TALISAY CITY, Cebu – Small farmers over the weekend asked Senator Francis “Kiko” Pangilinan to craft a law that would disallow big businessmen from availing themselves of free irrigation and require them to pay a fee for the operation, maintenance, and expansion of irrigation facilities.
Ireneo “Dodong” Leuterio, president of Cebu Provincial Federation of Irrigators’ Association, read a manifesto to the chairman of the Senate committee on agriculture and food during a consultative dialogue here.
“Businessmen availing the irrigation services and facilities of the irrigators’ association should not be covered by the ISF Free Policy and the irrigation service charge must be collected from them for the operations, maintenance, and expansion of the facilities,” the small farmers said in the manifesto. ISF stands for irrigation service fee.
Businessmen are those with big tracts of land who use the water from the irrigation facilities for swimming pools for their resorts and other business enterprises, they explained during the dialogue.
Irrigators’ associations are farmers’ organizations that need money to repair damages to irrigation systems as soon as they happen, the farmers said.
“Pag may konting ulan, nagkakaroon ng konting damages. Kailangan pa rin ng pondo ng irrigators’ associations para ayusin ito. Kung aasa sa taas, baka umabot nang siyam-siyam bago mangyari ito (Some rain can sometimes damage the irrigation system. The irrigators’ associations need some funds to fix the damages right away. If we have to wait for those at the top, fixing the damages will most likely be delayed),” Leuterio said.
The small farmers’ representative said the P2-billion recently allocated in the 2017 national budget for the government’s policy of free irrigation service fee is insufficient as it covers the big irrigation facilities and not the small ones like theirs.
In their manifesto, the farmers from Cebu said the law they are asking Pangilinan to sponsor and champion for them should include a “provision for sufficient national budget for the communal irrigation system (CIS) subsidy for system rehabilitation, expansion, and institutional development.”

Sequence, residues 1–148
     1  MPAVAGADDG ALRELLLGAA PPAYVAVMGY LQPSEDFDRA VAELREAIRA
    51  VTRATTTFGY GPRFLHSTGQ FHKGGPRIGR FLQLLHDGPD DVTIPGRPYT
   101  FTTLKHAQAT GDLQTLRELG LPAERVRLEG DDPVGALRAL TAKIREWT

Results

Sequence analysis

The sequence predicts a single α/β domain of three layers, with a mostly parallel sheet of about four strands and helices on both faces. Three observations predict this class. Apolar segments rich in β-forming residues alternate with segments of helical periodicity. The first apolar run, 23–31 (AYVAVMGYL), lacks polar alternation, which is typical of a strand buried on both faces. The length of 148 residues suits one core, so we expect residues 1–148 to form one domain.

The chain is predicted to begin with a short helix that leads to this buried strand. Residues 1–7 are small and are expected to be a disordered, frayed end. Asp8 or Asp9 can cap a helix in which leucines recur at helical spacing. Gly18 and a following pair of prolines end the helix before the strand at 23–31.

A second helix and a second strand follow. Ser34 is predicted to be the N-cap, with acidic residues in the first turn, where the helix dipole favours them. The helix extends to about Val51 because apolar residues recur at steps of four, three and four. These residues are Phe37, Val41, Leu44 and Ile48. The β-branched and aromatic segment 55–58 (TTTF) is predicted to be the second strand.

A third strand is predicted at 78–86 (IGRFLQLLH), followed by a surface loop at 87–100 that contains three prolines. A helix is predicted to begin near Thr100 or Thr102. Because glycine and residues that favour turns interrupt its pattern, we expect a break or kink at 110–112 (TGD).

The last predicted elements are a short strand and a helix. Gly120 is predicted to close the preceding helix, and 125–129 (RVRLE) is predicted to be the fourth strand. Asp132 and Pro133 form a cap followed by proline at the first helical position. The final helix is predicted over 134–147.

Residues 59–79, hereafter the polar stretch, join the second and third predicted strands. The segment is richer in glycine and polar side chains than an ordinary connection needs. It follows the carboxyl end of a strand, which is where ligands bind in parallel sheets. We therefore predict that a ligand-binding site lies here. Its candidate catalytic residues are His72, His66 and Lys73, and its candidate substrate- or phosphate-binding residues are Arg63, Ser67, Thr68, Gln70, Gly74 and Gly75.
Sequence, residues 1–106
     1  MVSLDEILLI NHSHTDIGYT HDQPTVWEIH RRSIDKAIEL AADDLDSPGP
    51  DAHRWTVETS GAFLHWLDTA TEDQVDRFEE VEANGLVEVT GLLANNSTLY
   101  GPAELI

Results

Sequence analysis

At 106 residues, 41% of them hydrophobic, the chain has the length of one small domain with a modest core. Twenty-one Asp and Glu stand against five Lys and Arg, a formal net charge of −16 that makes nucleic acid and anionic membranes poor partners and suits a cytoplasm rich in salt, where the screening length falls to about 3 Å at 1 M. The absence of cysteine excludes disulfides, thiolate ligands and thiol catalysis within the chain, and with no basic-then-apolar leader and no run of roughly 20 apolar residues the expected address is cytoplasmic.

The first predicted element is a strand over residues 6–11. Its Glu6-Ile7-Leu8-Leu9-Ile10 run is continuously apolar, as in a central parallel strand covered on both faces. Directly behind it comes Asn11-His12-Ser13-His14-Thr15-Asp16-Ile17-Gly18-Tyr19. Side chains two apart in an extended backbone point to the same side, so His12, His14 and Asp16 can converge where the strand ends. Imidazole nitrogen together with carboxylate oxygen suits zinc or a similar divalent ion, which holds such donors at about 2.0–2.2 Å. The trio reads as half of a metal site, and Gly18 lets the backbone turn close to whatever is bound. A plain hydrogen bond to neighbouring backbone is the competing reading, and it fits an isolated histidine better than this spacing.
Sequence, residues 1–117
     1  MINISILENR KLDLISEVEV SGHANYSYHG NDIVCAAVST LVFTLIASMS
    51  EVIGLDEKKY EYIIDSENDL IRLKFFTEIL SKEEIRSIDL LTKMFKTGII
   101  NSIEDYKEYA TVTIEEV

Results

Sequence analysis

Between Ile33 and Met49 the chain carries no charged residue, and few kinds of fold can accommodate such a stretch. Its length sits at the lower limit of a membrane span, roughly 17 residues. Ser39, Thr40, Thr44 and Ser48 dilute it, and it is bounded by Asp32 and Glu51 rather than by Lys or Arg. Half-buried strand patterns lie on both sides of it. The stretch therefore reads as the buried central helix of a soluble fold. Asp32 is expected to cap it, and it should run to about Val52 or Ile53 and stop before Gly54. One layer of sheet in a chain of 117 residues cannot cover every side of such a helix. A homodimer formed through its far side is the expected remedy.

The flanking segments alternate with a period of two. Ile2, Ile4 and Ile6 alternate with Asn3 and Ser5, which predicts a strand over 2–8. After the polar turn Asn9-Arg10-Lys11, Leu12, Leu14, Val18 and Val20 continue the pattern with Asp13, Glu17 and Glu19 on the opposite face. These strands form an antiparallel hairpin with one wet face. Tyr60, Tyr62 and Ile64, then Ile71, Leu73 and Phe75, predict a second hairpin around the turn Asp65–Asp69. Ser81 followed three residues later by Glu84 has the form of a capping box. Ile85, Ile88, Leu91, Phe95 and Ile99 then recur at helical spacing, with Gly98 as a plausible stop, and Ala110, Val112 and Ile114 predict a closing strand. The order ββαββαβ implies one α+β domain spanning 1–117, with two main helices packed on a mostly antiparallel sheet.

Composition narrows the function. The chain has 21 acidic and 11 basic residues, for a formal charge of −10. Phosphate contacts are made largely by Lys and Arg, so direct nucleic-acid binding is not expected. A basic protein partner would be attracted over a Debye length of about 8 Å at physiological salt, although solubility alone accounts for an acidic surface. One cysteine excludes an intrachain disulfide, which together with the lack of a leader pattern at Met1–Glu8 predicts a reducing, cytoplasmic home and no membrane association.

The same manifesto also called on the government to stop the “indiscriminate and rampant illegal conversion of prime agricultural rice lands.”
The new law they are pushing also calls for the “imposition of stricter penalties, including imprisonment, to all violators, to include LGU (local government unit) officials and government personnel, who illegally and prematurely convert prime agricultural and irrigated rice lands covered by the communal irrigation system of NIA” (National Irrigation Administration).
Violators, the farmers said, include those who extract sand and gravel.
“Nasisira ang (Destroyed are the) natural drains and the structures are threatened. Bumibigay na (They are collapsing),” they said. “Violators include local officials and government personnel. We have filed cases but the cases are not moving. May mga abuso mula barangay level. Aminin natin na may abuso kapalit ng pera (There are abuses at the barangay level. We must admit that the abuses are in exchange for money).”
At the same time, the farmers said they need NIA funding assistance to empower their irrigators’ associations and allow for sustainable irrigation systems and their expansion.
In response, the Liberal Party president agreed that “Hindi pwedeng libre lahat…Marami na silang pera. Kung libre pa sila, para naman silang tumama sa lotto (Not everyone can avail himself of free irrigation service fees. For those who already have a lot of money, it would be like winning the lotto if they are not charged anything).”
Pangilinan also told the farmers about his pet Sagip Saka bill, which:
· requires LGUs to buy their food needs (rice, vegetables, poultry, etc.) for their feeding programs from farmers’ associations without any bidding; and
· gives incentives to private corporations (Jollibee, Nestle, supermarkets) that buy directly from farmers’ associations and donate tractors and other yield-raising equipment or facilities to them.
“Buying directly from farmers’ associations means that middlemen would be eliminated and wastage reduced. This means bigger incomes for farmers,” Pangilinan said, citing 32 Thailand farming families earning the equivalent of P1.2 million a month on a similar program.